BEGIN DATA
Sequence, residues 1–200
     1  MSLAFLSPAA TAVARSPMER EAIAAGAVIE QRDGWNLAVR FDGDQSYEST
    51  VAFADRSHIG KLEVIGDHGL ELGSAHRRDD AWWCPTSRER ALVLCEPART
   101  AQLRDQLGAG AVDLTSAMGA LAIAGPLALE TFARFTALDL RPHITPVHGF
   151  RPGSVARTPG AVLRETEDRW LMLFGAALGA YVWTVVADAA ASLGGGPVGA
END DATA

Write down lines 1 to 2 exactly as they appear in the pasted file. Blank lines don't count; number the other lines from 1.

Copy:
Sequence, residues 1–200
     1  MSLAFLSPAA TAVARSPMER EAIAAGAVIE QRDGWNLAVR FDGDQSYEST